Mexico: guerillas attack Chiapas prison

In the early morning of July 28 people thought to be members of the rebel Revolutionary Popular Army (EPR) assaulted a site in Chiapa de Corzo, in the southeastern Mexican state of Chiapas, where a federal prison is being built. No injuries were reported in the incident, during which an unknown number of attackers captured the three guards at the site and locked them in a guard booth. The attackers then shot up the site and painted slogans on the walls. Municipal police arrived when they heard the shooting; they found about 40 used cartridges on the scene.

The action was apparently meant to dramatize the EPR’s demand for the release of EPR leaders Alberto Cruz Sanchez and Edmundo Reyes Amaya, who were allegedly captured in the southern state of Oaxaca on May 24; the federal and the Oaxaca governments both deny that they are holding the two men. The incident follows attacks on Mexican gas pipelines on July 5 and 10 which the EPR reportedly carried out to demand the release of Cruz Sanchez and Reyes Amaya. The slogans painted on the walls at Chiapa de Corzo were: “They were taken alive, we want them back alive,” “EPR will win,” “Long live the EPR” and “Freedom for political prisoners.” (La Jornada, July 29)

This was the second attack on a Mexican prison in two days. On the evening of July 26, about 20 men armed with AK-47 assault rifles attacked a prison in Juchitan de Zaragoza, Oaxaca. Authorities said one police agent was wounded. Official sources suggested that people involved in drug trafficking were attempting to free a prisoner. Some local people claimed that the attack was by an elite army unit, the Airborne Special Forces Group (GAFE), which they said was raiding a nearby residence and attacked the prison by mistake. Oaxaca state citizen protection secretary Sergio Segreste denied the army was involved, noting that the army doesn’t use AK-47s. He also denied that the EPR carried out the assault. (LJ, July 27, 28)

From Weekly News Update on the Americas, July 29

See our last posts on Mexico, Chiapas, Oaxaca and the guerilla struggle.

  1. Mexico: more guerilla attacks?
    From Weekly News Update on the Americas, Aug. 5:

    A July 29 communique claiming to be from Mexico’s rebel Revolutionary Popular Army (EPR) announced the group’s responsibility for an attack early on July 28 at a construction site for a prison in Chiapa de Corzo in the southeastern state of Chiapas. The communique said that the attack, in which no one was injured, was intended to pressure authorities for the release of EPR leaders Edmundo Reyes Amaya and Gabriel Alberto Cruz Sanchez, “detained-disappeared more than two months ago by the government of [Mexican president] Felipe Calderon [Hinojosa].” The Chiapas state government had dismissed the attack as “acts of vandalism,” probably by local campesinos; the attackers had shot up the site and painted EPR slogans on the walls. (La Jornada, July 30)

    On the morning of Aug. 1 a homemade bomb exploded at a Sears department store at the Plaza del Valle commercial center in Oaxaca city, in the southern state of Oaxaca. The bomb destroyed the main door and damaged the metal security grating but caused no injuries. About two hours later, police found a similar bomb at a branch of the Banamex bank in the Reforma residential neighborhood; the bomb had failed to explode.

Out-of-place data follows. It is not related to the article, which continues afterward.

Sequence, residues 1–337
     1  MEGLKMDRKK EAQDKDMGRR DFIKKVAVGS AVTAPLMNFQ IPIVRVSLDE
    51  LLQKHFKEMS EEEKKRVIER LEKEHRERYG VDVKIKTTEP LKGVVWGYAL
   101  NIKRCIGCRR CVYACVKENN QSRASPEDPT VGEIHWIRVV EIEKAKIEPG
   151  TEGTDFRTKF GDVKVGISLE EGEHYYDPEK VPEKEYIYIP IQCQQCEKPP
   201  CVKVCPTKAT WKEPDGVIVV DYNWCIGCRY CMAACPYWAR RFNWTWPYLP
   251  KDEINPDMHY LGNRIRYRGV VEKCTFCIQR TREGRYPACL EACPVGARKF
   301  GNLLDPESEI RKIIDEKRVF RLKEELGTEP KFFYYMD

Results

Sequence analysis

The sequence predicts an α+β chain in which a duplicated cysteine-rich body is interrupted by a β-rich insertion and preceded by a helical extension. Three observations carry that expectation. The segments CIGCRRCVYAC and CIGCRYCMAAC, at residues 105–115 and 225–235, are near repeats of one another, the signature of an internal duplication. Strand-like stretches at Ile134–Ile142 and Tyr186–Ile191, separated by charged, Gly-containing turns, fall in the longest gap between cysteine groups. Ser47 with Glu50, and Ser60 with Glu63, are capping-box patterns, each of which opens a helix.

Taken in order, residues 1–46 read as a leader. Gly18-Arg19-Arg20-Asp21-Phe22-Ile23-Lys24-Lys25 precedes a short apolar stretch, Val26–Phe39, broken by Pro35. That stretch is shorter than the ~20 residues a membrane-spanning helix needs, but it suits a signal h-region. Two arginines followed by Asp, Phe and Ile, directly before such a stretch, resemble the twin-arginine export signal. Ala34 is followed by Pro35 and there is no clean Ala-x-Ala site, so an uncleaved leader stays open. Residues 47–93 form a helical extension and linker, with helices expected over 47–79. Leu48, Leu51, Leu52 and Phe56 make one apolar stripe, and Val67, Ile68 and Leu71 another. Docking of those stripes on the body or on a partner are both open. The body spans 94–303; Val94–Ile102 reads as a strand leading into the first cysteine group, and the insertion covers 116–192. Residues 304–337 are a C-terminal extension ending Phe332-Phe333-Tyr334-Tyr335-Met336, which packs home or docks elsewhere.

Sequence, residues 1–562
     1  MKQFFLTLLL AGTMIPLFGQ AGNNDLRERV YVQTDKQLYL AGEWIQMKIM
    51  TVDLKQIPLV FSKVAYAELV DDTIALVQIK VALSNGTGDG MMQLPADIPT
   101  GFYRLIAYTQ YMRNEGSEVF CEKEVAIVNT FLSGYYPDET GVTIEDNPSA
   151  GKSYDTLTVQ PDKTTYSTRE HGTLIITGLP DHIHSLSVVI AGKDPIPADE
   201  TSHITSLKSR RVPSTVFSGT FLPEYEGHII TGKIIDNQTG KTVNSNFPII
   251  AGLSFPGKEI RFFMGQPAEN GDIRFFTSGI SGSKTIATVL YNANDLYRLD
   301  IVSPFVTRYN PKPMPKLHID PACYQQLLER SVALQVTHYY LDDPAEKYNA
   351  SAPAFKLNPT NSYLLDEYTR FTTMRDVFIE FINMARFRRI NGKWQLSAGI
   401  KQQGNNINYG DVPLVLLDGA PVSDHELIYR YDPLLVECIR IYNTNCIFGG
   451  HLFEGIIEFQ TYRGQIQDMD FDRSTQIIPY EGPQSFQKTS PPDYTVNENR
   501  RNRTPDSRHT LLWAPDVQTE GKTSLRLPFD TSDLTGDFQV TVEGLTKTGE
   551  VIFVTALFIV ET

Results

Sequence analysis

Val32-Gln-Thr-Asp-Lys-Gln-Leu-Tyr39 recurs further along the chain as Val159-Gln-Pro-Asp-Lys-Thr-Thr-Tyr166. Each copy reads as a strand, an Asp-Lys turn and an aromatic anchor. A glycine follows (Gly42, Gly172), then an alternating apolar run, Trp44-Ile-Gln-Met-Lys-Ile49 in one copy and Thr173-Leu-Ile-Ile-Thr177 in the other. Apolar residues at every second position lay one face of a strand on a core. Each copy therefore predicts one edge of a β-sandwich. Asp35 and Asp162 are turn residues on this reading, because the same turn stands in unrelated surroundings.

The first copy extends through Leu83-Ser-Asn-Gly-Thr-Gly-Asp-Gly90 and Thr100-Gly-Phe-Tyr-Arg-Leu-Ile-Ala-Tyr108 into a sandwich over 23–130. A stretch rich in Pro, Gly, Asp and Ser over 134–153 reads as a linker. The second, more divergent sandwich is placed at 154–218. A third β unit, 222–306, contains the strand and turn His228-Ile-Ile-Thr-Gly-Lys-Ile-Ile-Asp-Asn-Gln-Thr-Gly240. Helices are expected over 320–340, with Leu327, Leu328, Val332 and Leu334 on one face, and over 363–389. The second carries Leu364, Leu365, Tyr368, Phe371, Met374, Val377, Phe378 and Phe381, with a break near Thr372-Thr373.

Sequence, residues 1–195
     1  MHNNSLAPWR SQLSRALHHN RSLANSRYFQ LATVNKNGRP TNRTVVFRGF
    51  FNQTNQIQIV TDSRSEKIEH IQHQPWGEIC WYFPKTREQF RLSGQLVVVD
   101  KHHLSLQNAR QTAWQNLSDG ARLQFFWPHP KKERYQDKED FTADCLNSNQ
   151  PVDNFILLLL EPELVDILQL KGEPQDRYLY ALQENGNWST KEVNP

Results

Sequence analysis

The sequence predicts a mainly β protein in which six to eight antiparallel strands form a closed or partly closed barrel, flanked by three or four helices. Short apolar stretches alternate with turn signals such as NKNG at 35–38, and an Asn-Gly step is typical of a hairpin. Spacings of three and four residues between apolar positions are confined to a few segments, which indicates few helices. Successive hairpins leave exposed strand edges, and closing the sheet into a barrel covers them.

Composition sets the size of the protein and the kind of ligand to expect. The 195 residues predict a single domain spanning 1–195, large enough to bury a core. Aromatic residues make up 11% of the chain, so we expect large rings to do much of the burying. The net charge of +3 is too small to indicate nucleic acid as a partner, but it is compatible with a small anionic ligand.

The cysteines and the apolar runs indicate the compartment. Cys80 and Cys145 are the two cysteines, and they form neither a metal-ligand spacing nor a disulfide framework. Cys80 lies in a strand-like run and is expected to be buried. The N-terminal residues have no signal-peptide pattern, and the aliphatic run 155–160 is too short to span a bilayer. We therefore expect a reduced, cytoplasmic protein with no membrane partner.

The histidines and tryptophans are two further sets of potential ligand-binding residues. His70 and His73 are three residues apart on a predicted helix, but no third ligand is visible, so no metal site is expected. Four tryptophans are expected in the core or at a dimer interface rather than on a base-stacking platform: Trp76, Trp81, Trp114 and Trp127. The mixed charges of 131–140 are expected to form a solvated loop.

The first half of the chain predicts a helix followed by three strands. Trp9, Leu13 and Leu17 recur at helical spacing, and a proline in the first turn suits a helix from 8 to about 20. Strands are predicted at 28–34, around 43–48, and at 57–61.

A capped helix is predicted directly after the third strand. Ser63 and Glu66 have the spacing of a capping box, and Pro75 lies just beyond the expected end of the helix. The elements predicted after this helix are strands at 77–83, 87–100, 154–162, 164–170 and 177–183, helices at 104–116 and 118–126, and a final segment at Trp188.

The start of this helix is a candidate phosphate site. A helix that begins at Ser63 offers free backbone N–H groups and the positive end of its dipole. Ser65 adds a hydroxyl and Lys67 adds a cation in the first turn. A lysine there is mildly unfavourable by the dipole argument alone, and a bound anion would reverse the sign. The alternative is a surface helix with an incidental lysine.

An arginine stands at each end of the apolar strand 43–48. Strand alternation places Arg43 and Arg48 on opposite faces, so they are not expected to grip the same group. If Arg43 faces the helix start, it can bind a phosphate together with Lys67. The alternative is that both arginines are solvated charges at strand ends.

In the afternoon a communique was issued claiming that EPR “urban commandos” had carried out these “acts of harassment against transnational economic interests.” “As long as authoritarianism persists as a governmental norm, we will not let up on carrying out political and military acts,” the communique warned, adding that the goal was not to “intimidate the population or inhibit the participation of the citizenry in the upcoming electoral process.” State legislative elections are being held on Aug. 5 in which the centrist Institutional Revolutionary Party (PRI) of Gov. Ulises Ruiz Ortiz risks losing seats. One spokesperson for the Popular Assembly of the Peoples of Oaxaca (APPO)—which has led militant actions against Gov. Ruiz for more than a year—suggested that Ruiz’s government carried out the bombings itself in order to create a “fear vote” in favor of the PRI.

    The afternoon before the bombings, a hotel facing the Plaza del Valle had been the scene of a meeting between Ruiz and Irene Khan, general secretary of Amnesty International (AI), who was on a July 30-Aug. 5 visit to Mexico. After the meeting, Khan told the media that Ruiz “doesn’t have the political will to confront the serious violations of human rights recorded in this state, many of which we have documented.” She said that he had dismissed an AI report, “Oaxaca: Clamor for Justice,” as “partial” and “just representing the APPO.” (LJ, Aug. 2)

    While the federal government has tended to play down the threat of EPR activity, some government sources said that a search for EPR members was behind a series of early-morning raids on about 20 homes in the Mexico City area on Aug. 2. In what seems to be the largest raid, some 150 masked soldiers from the army’s Airborne Special Forces Group (GAFE) searched four houses and a 10-unit apartment house in El Sol neighborhood of Nezahualcoyotl, a working-class suburb east of Mexico City in Mexico state.

    The federal Attorney General’s Office (PGR) insisted that the raids were connected to investigations of a kidnapping, organized crime and drug trafficking. Authorities said they arrested a woman in Mexico City’s Pedregal area and seized drugs and firearms. But in Nezahualcoyotl witnesses said the soldiers didn’t look for arms or drugs but reviewed documents, took photographs and confiscated some cell phones and voter ID cards, as if they were “looking for people.” Elementary school teacher Jose Luis Castillo Garcia said the soldiers took papers, credit cards and cash from his apartment and never showed him a search warrant. (LJ, Aug. 3)